Running A Sex Shop #04: G Spot Adult Love Style in Soweto, Johannesburg

Mmathabo Ndlovu

The suburb of Soweto in Johannesburg, South Africa, had neither sex shops nor a public discourse about sexuality. A woman has now set out to change that. With her shop, the G Spot Adult LoveStyle, Mmathabo Ndlovu wants to confront her fellow countrymen with the topics of sexual health and female lust. 

South Africa is one of the countries in which repressive sexual ideas cause great social damage. One-fifth of the population is estimated to be infected with HIV, one-third of all schoolgirls carry the virus. Statistically, a woman is raped every 9 minutes. Sexuality is a taboo subject in the public eye and female sexuality is suppressed. In hardly any other place is it so obvious how vital it is to deal openly with sexuality.

It is therefore an exceptionally special event when a sex shop is opened in South Africa, especially if it is run by a woman. The shop is called G Spot Adult LoveStyle, it is located in Soweto and is the first sex shop ever to open its doors in the suburb of Johannesburg with its 1.2 million inhabitants. The woman who dared this is Mmathabo Ndlovu and she is 38 years old. She has a degree in economics and speaks several languages, including German. Her stated objective is to clear up various myths and legends about sexuality and to remove the taboo on sexual health in her country.
Her shop has an inventory that essentially resembles that of sex shops in other countries: lingerie, lubricants, DVDs, sex dolls, sex toys and magazines. At the same time, she also rents out her space for events related to sexuality.
Dangerous prejudices about sexuality

In her opinion, many of her fellow countrymen have completely distorted ideas of what a sex shop is at all. Some people think that you can book strippers or prostitutes in her shop. Nevertheless, Ndlovu is optimistic: “The feedback is basically positive. I think the market was ripe, people wanted something like this, but didn’t know where to find it.” She feels that more and more people are interested in sexual health.

Even older people, who initially enter their shop with the greatest skepticism, would change their attitudes as soon as they learned more about the concept and aims of her store.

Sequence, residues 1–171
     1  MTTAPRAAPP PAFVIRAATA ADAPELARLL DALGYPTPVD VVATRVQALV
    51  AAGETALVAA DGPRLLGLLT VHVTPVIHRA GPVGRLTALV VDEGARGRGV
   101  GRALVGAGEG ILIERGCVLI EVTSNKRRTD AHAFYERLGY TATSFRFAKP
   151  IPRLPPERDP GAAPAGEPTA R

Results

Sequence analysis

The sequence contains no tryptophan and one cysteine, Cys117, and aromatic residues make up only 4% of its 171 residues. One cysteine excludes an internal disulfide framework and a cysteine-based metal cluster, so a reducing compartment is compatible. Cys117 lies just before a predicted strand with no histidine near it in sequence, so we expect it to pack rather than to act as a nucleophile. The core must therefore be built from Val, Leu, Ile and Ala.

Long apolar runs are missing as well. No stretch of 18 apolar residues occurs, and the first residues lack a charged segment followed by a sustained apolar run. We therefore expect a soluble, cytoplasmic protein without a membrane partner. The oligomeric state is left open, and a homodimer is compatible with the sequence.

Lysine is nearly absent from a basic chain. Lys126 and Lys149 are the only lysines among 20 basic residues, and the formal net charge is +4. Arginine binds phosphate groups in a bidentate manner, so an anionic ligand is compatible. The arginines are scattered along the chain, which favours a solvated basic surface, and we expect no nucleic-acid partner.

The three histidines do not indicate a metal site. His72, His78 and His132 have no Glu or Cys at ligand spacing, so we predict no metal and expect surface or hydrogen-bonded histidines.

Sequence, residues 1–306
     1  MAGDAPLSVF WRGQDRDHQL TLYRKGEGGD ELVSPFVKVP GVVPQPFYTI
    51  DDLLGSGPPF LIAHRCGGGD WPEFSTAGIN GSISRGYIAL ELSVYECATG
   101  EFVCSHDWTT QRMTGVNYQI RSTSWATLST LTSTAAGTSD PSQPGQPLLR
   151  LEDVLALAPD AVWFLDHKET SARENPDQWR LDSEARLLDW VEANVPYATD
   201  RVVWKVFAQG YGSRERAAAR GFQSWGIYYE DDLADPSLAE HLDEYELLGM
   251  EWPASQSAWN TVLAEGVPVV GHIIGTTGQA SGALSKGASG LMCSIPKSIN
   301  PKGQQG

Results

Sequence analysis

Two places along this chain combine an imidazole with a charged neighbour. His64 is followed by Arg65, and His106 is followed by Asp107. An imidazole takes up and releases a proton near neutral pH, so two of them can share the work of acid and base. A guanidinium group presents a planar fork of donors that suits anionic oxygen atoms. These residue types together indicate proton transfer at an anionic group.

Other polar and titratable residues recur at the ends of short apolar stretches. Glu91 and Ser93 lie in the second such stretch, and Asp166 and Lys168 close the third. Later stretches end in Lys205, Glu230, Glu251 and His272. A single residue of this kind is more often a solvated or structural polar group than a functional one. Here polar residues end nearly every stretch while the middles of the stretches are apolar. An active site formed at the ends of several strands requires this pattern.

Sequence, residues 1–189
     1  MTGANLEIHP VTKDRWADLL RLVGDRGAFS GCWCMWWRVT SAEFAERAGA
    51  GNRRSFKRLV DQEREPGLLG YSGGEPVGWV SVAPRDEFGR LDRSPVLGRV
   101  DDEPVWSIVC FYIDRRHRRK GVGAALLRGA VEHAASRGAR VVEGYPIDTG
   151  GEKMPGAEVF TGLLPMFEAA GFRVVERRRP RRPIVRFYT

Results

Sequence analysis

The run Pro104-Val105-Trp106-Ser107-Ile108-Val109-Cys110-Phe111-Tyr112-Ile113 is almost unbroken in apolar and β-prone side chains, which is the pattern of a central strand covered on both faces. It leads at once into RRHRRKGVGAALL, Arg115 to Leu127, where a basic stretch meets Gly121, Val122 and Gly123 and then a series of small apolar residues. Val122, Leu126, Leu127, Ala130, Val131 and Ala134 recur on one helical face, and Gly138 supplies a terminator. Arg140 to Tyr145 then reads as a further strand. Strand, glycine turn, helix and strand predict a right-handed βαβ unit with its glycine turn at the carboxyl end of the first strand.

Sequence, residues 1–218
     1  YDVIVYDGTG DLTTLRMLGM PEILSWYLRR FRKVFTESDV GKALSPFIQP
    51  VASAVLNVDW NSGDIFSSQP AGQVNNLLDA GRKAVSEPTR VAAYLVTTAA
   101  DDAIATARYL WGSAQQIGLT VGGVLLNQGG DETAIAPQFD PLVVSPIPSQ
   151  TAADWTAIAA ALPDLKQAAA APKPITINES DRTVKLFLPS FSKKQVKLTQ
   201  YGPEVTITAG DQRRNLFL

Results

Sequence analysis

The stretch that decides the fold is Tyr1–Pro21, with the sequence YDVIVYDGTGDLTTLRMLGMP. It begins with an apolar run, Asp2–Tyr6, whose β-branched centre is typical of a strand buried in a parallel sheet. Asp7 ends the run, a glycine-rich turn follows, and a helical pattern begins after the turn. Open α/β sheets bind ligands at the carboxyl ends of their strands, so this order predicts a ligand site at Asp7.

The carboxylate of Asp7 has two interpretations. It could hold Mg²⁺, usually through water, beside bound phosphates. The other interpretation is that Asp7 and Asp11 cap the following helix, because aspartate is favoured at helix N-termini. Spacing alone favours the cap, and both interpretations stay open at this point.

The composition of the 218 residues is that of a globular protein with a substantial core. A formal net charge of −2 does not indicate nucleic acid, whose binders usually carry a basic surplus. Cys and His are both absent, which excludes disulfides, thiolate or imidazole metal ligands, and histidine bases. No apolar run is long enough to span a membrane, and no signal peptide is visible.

She wants to spread the message in the minds of her fellow citizens that it is perfectly okay to deal with one’s own sexuality and desire. In an interview, Ndlovu says, »And that has nothing to do with being dirty or hanging out in dark, sleazy places.«

A country on the move: Prominent comrades-in-arms

The sex shop operator says that a lot is currently in motion. It helped a lot that Lilian Dube, one of South Africa’s most famous actresses, spoke openly about owning sex toys. That’s why Ndlovu thinks more people should dare to talk openly about it and look for information about sexual health themselves.

Another topic moves her a lot when she thinks of her industry. So far, South Africa’s erotic market has been completely controlled by whites. And she said that this had to change. She encourages others to follow her lead and open sex shops as well. »If you go to the northern suburbs, you will find a sex shop every 5 kilometers. I think we could do that for the black community, too.«

Ndlovu has expert advice with Patrick Meyer, an employee of the sex shop LuvLand. Without his help it would have become more complicated, she admits. »He helps me all the time. And I’m a competitor, and he still helps me on my way. He does this in his spare time.«
Plans for an Online Shop

For the future, the bustling entrepreneur plans to set up an online shop to increase her radius of impact. The daily experience with customers in the shop helps her immensely. The feedback of the customers goes directly into her work.

Although she sees her primary target group in the townships of the South African metropolis, she wants to achieve a nationwide impact on the long term. Sexual health is still a taboo topic, especially in the rural areas of South Africa. It takes time to change this. And committed pioneers like Mmathabo Ndlovu. »I serve a need that exists. There is a need for what I offer, and I will fight for it.«

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